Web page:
Camaraderie, Creativity, and Challenge: My Internship at a Bay Area Non-Profit
Written by Sarah Mitchell, a third-year Professional Writing major
When someone mentions ‘Silicon Valley’ or ‘The Bay Area,’ there’s a certain image that comes to mind: It’s of wealthy, young twenty-somethings in Zuckerburg uniforms roaming huge campuses, sipping small-batch coffee, and programming for large tech companies. Silicon Valley promises glamour and innovation, with companies like Facebook, Apple, Google, and Tesla. However, although these companies may be the head of the Bay Area, the heart of the Bay lies in its non-profits.
I had the privilege to serve as the Marketing Intern at one of these non-profits this summer. Phoenix Bioinformatics is similar to many startups in the Bay Area: It’s run by a dozen people at most; it’s tucked away in a pleasant-but-small office suite; and it has a client base of hundreds of thousands of scientists around the world.
Eva Huala, our Executive Director, hosted the annual work picnic at her beautiful cabin in the Santa Cruz mountains. This was the first time I met most of my coworkers. Things were off to a great start.
Phoenix Bioinformatics has a mission to maintain and support scientific databases. It is also home to The Arabidopsis Information Resource (TAIR), a database that curates and hosts genetic information on Arabidopsis thaliana, a small flower that is essentially the lab rat of plants. The biocurators at TAIR mine through thousands of Arabidopsis-focused, peer-reviewed papers a year, searching for results that could benefit other scientists. They reorganize the information in a way that makes the data accessible to researchers around the world, bringing the scientific community together and furthering the study of plant biology as a whole.
I definitely would not call myself a biologist—the last time I even remotely encountered biology as a subject was in high school, and even then, I tried to avoid it at all costs. Knowing this, I was a little nervous going into a position where the majority of my coworkers had post-graduate degrees in plant biology and/or molecular biology. However, my background in humanities wasn’t a liability. In fact, it was an asset.
During my time as the Marketing Intern at Phoenix, everyone was very conscious of my internship as a learning experience. I had a large amount of influence on what projects I would be doing, and a lot of flexibility when it came to the projects themselves. There was plenty to learn: as a non-profit, everyone wore a variety of hats. Everyone worked in a small space together, and collaborated often. My coworkers were all very talented, and the nature of the company allowed people to combine their talents to optimize the organization as a whole.
One of my projects was a booklet for librarians. Librarians are Phoenix’s main target when offering TAIR subscriptions. They’re the ones who subscribe their institutions to the database, and they can reach out to other librarians to form a consortium, sometimes on a national level. Institutional librarians usually have a vast amount of technical knowledge when it comes to databases and archival systems such as TAIR, but may not necessarily be interested in the scientific specifics of the service. My main task, apart from designing the booklet itself, was to take the technical details of TAIR and change the rhetoric to reflect the interest of the librarians in charge. This required a lot of research, both on market standards and on the content involved.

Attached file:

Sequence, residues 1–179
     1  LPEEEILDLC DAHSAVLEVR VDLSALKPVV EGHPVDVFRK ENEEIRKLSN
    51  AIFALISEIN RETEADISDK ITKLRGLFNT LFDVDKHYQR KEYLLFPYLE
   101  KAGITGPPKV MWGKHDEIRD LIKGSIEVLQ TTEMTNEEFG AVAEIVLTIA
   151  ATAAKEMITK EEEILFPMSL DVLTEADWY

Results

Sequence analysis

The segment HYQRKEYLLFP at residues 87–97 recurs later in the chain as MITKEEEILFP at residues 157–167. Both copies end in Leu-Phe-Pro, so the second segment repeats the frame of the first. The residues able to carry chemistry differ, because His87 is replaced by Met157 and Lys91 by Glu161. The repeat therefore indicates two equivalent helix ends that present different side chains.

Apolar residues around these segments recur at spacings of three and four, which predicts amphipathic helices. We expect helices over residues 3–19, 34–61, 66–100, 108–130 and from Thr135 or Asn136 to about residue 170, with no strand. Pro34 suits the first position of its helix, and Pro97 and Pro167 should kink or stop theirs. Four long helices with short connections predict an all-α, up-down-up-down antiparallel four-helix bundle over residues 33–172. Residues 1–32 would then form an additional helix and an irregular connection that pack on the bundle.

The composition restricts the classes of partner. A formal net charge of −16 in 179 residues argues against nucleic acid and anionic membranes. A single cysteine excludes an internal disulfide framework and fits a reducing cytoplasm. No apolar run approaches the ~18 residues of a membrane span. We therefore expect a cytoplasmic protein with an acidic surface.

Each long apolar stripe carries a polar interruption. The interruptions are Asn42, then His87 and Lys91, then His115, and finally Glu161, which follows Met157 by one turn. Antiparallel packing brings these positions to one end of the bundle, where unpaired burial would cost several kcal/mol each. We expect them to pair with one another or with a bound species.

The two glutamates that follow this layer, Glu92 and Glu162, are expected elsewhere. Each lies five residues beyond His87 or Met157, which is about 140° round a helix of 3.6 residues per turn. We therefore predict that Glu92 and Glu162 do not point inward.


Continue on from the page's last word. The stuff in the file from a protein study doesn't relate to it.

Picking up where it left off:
I collected some brand standards and incorporated elements to make the design of the librarian booklet (seen in monitor) cohesive and nice to look at. Side note: standing desks are amazing.
I was a little nervous: I’d never taken on such a large technical writing project alone before. Luckily, my coworkers were glad to fill in any gaps and explain any jargon exclusive to the scientific community. I was able to provide an outside perspective, changing the language to give the same message to a different audience. They helped me learn that it’s okay to ask for help when you don’t know something, no matter the setting. By working together and sharing knowledge, we built a better resource for librarians than we could have if we stuck to our respective fields of study.
In such a small organization, camaraderie is key: Even when things were busy and stressful, everyone got along really well. Wednesday afternoons held the official Tea Time: Whoever signed up for that week would bring in (usually themed) snacks, and everyone else would gather around the conference table. In some other companies, this could just be a cheap “team-building” technique. However, at Phoenix, it was a time for everyone to genuinely relax, talk, and hang out.
Tea time! From left to right: Eva Huala, Emily Strait, Donghui Li, Matt Sousae, Leonore Reiser, Andrey Vetushko, Trilok Prithvi, Qian Li, and Shabari Subramaniam. I feel so lucky to have worked with such a great group of people!
Working at Phoenix, I never felt like I was just some extraneous kid there to get another paragraph on their resume. I felt like I was a part of a club, and I truly felt that my projects made an impact. By stepping outside my comfort zone and diving into a new experience, I was able to work with this amazing group of people dedicated to helping the scientific community, which, with every discovery, helps the world.